Sunday I had my first full arrest. The call went out as a patient unresponsive. Halfway down the winding dirt road that led us to the house they said 'full arrest'.
When I first started running I would spend my time in the back of the bus just trying to breathe and dissipate the burning in my lungs that came just after the tone-inspired adrenaline dump. My heart would pound in my ears over the simplest call; just being in there banging and swaying was enough. Lately I find myself in nearly a trance. I breathe. I think "what will I need?". I pull bags out of storage bins. Look through them. Get gloves on. Review the order of what will need to be done. Somewhere down inside my old panicked self channels the family's anxiousness.
We arrive and several relatives are standing on the porch. I am sorry to say I don't even remember what they looked like. I was focused on backboard, AED, oxygen, getting stretcher into house. Patient. CPR had been in progress for some time and it was obvious that it was too late. His tiny beeswax-yellow legs peeked out of a plaid blanket. Some well meaning friend was doing chest compressions on the bed, which meant nothing was really happening. (You need to be on a HARD surface or don't bother.) Just the same, we worked on him, worked on him all the way to the hospital. I came off the back step bagging him the whole way just like on TV. And as soon as we got to the curtain area the doctor looked at him and said 'Stop'. Such an odd feeling; even though I knew what the outcome would be I were surprised to realize that I harbored some tiny expectation that our efforts might be doing something. I felt like a dog running across the yard on a run that suddenly comes to the end of the line and stops short.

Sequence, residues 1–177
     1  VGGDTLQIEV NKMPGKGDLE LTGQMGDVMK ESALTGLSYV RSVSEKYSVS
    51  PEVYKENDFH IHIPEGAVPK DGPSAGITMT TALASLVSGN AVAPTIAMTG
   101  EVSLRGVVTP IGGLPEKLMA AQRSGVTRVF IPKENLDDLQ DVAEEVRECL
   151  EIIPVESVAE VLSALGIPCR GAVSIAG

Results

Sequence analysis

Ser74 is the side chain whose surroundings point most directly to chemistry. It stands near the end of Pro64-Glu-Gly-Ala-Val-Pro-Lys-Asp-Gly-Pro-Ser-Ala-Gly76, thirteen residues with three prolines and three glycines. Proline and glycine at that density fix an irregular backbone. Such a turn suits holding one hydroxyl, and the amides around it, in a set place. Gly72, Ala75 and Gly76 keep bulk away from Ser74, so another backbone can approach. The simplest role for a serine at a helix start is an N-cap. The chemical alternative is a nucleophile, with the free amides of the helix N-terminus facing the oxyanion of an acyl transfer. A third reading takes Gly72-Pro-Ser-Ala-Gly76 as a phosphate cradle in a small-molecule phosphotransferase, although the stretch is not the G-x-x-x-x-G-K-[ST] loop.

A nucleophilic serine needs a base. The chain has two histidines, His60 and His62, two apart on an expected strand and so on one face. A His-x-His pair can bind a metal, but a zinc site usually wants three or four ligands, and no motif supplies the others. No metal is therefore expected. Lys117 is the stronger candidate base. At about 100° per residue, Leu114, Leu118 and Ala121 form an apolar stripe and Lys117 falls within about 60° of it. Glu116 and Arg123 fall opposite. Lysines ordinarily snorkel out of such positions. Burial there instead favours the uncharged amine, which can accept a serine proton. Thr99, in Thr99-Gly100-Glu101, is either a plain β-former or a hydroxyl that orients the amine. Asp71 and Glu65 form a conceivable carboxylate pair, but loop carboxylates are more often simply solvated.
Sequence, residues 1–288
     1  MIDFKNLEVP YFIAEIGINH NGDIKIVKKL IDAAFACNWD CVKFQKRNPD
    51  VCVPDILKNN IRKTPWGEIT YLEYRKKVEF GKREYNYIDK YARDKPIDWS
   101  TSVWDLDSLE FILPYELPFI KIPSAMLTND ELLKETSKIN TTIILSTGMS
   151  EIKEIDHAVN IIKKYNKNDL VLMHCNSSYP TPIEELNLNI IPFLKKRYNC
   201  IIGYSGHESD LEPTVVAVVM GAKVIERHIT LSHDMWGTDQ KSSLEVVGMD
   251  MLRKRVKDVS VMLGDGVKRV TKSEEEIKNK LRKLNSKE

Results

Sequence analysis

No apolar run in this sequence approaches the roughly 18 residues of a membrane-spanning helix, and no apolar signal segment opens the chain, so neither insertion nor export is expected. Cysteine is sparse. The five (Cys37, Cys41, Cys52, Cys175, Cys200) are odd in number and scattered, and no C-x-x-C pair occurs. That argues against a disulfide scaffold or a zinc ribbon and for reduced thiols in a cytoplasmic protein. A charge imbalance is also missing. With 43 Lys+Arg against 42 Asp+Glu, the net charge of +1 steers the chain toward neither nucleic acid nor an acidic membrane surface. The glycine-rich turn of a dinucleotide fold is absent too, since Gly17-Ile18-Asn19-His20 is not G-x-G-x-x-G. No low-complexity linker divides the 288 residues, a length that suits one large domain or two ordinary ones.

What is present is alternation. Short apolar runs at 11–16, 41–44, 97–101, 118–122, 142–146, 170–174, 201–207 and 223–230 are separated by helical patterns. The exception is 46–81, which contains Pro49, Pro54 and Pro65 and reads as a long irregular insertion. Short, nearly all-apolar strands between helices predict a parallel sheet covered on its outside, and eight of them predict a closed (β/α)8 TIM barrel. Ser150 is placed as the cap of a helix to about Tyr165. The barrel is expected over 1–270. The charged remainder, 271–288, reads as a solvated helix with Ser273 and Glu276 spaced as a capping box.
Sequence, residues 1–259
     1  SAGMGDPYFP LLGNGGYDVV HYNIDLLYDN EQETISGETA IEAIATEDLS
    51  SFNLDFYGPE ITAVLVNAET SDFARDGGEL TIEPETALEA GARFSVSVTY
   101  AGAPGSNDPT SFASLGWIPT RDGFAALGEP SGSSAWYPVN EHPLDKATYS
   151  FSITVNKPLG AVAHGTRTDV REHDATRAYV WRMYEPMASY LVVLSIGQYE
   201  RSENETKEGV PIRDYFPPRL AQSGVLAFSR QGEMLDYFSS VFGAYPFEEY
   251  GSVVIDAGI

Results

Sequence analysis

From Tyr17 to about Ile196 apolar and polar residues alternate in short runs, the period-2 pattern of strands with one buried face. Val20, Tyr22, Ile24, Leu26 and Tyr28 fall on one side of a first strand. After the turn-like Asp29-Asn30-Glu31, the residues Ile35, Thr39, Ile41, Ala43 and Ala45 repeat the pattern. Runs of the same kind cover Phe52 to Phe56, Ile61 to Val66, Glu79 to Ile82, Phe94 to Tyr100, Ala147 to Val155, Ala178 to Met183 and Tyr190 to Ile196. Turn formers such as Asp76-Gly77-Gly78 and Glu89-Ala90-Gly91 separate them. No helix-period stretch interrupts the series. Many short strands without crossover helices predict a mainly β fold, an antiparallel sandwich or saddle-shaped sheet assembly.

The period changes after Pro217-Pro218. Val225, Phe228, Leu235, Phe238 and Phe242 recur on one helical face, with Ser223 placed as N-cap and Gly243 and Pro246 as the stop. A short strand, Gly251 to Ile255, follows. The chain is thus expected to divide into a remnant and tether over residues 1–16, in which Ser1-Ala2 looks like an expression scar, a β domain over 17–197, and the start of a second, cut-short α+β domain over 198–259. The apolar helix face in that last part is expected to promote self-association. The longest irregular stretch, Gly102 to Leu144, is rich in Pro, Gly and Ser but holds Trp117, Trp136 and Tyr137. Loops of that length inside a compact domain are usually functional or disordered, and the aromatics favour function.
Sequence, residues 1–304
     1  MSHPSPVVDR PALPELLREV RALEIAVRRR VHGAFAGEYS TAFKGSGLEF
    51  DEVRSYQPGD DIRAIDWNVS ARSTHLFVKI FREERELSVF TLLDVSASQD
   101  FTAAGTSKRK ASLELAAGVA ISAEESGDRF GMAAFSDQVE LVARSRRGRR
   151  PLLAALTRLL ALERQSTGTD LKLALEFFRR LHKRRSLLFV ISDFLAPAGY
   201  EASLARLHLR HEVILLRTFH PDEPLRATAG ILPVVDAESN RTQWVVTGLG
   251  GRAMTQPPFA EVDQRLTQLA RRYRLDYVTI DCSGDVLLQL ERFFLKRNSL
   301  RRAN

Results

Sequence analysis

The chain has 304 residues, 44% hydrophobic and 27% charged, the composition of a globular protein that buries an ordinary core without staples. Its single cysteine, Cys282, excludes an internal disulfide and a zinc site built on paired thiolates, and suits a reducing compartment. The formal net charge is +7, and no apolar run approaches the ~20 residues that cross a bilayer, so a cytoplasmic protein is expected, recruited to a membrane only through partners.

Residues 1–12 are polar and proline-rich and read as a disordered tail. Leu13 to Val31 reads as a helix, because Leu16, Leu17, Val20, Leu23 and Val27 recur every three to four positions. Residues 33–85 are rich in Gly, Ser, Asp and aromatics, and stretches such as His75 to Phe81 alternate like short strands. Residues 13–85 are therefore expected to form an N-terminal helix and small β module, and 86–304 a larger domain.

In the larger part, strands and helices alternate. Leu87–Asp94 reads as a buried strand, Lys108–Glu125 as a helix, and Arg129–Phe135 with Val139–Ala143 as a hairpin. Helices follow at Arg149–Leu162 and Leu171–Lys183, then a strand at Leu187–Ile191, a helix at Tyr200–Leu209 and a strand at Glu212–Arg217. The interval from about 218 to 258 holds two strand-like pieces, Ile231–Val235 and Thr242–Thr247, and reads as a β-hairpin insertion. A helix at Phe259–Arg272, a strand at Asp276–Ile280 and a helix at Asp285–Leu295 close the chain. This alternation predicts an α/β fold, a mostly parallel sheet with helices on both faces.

They got all the wires and tubes out and covered him up to the neck in a soft white blanket. I was still bringing in equipment when the nurse herded the kids and grandkids together and told them it was over. I crept away; I remember the EMTs in my own life; once the crisis was over I didn't want to see them again.
So that was the first one. There will be more.